Lessons from Grandpa

My grandfather is an extremely impatient efficient man.  When we were little, he taught the seven of us the first rule of any task: throw out the directions.  Who needs directions when Grandpas know how to do everything already, right?

Gramps and I used to meet up every weekend for breakfast dates throughout high school, and when I went to college, we grabbed breakfast whenever I came home.

Over his scrambled eggs and lox with cranberry juice, and my omelet and coffee, he inquired about boys, and often tried to set me up with 35-year-old restaurant patrons…. whose wives and children sat at the same table.  I mean… okay… there’s nothing wrong with older men.

Peppered in with stories from his childhood (100% of them contained some sort of exaggerated component), Gramps offered me lifestyle advice.

Here’s his take on the egg.

May I present to you Grandpa’s kind-of-scrambled egg:

Why dirty a bowl, add a bunch of nonsense and waste time whisking?  Go Grandpa and crack your eggs into the pan, let them cook halfway, and theeeeen give them a bit of a scramble.  I think I scrambled too early to really have an egg a la Grandpa.

Okay so there’s no spectacular secret to his egg making, but god bless his efficiency.

Then on the other half of the English muffin, I spread some goat cheese, a little honey and topped it with grilled apple slices.

I’ve been dying to bake something… and I took today’s dreary weather and Ina Garten’s baking a peach cake on tv this morning motivation enough.

Pumpkin-Banana Bread

As with 95% of what I make… I worked off of no specific recipe (why? not because I am a perfect baker.  I’m nowhere close.  But I tailor a combination of recipes to the ingredients I have on hand …. which generally means a lot of substituting and experimenting)

This is as mathematical and specific as we’ll get (this is not how you’re supposed to bake… experimentation most always leads to failure with baked goods)

-2 cups whole-wheat pastry flour

-1/2 cup sugar

-2 eggs

-2/3 can pumpkin puree

-2 bananas mashed

-1/3 cup unsweetened apple sauce

-cinammon, pumpkin pie spice (get as spicy as you want to)

-1 teaspoon baking powder

-1/2 teaspoon baking soda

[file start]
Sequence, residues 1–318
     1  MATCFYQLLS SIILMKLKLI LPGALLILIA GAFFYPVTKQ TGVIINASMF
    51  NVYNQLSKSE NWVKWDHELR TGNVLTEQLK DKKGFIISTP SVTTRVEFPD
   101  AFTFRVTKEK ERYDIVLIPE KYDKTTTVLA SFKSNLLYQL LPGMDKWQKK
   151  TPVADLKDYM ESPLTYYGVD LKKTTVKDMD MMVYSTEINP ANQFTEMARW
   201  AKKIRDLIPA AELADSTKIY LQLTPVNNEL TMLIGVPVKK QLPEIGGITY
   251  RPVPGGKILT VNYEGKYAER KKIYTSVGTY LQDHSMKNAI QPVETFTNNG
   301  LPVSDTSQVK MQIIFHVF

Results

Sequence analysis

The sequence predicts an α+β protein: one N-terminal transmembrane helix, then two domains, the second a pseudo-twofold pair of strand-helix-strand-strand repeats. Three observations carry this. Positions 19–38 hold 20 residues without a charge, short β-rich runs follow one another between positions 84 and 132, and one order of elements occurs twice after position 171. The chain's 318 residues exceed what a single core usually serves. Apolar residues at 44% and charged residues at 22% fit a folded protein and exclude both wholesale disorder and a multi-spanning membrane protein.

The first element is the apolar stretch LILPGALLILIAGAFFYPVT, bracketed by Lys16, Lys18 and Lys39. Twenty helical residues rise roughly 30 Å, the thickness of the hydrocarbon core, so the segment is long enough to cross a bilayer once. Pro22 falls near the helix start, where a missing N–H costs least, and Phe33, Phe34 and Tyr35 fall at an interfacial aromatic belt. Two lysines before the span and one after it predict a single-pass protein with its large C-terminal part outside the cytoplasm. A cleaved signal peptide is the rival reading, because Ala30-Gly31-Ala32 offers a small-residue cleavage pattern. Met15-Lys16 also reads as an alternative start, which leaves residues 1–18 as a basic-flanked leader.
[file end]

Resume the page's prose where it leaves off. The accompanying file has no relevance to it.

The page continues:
-1/4 teaspoon salt

-1/4 cup coconut oil

-1/4 cup almond milk

-oats to top

I’m horrendous with giving directions (thanks Grandpa)… but here’s what I’ll tell you:

-Mix dry stuff in one bowl

-Mix wet stuff in the other

-Combine dry into wet… but whatever you do… no overmixing!

-And I’m a pan greaser (I used coconut oil on a paper towel)

Couldn’t even tell you how long this puppy spent in the oven (at 350)… laundry and tv took command of my attention, until the yummy smell wafted down the hallway into my room.

While the nanner bread cooked away, I also baked up some butternut squash medallions.

Then made some pasta with spinach, lemon, olive oil, parm, mozz, salt and pepp.

Cauliflower, too – with olive oil, lemon juice, salt, pepper and oregano.

Wish me luck when I cut into my baked experiment for dessert.  But remember, impatience isn’t always a bad thing.


5 responses to “Lessons from Grandpa

  • Amy

    I really laughed at this one! Gotta love anything having to do with your grandpa. Also, when I come visit (soon hopefully!) I can’t wait to try some of these fantastic concoctions. I literally crave everything you put on here. I might try to replicate some with a gluten free twist! Reminds me of everything at its only natural =)

  • phil m.

    Wait ’till the g-rents see this one! I’m off to the Post Office!

  • Jillian

    Editor’s note: “locks” really means “lox”

    That bread looks amazing and I want it now. Why when you substitute ingredients and go on no recipe your experiments look like “out of a magazine” and mine end up as uncooked floury doughy horrendousness? I clearly only got the overeating gene and not the cooking gene. Although I guess there never was a cooking gene. You started that one on your own.

    In other news D and I made strawberry cream cheese stuffed french toast this week. I consider that a win for us. Nothing healthy about it but it’s a start. Well actually the cream cheese was 1/3 less fat. So, naturally, I used 3 times more.

    • nicole mcdermott

      hahah its all in the camera angle… and believe me sometimes I get extremely unlucky when baking. And you make fantastic egg sandwiches — don’t you forget that.

      I would like to try your french toast… it sounds amazing. You were the first to turn me on to strawberry cream cheese… so I think you should come visit, and we’ll schmear it on everything. Plan?

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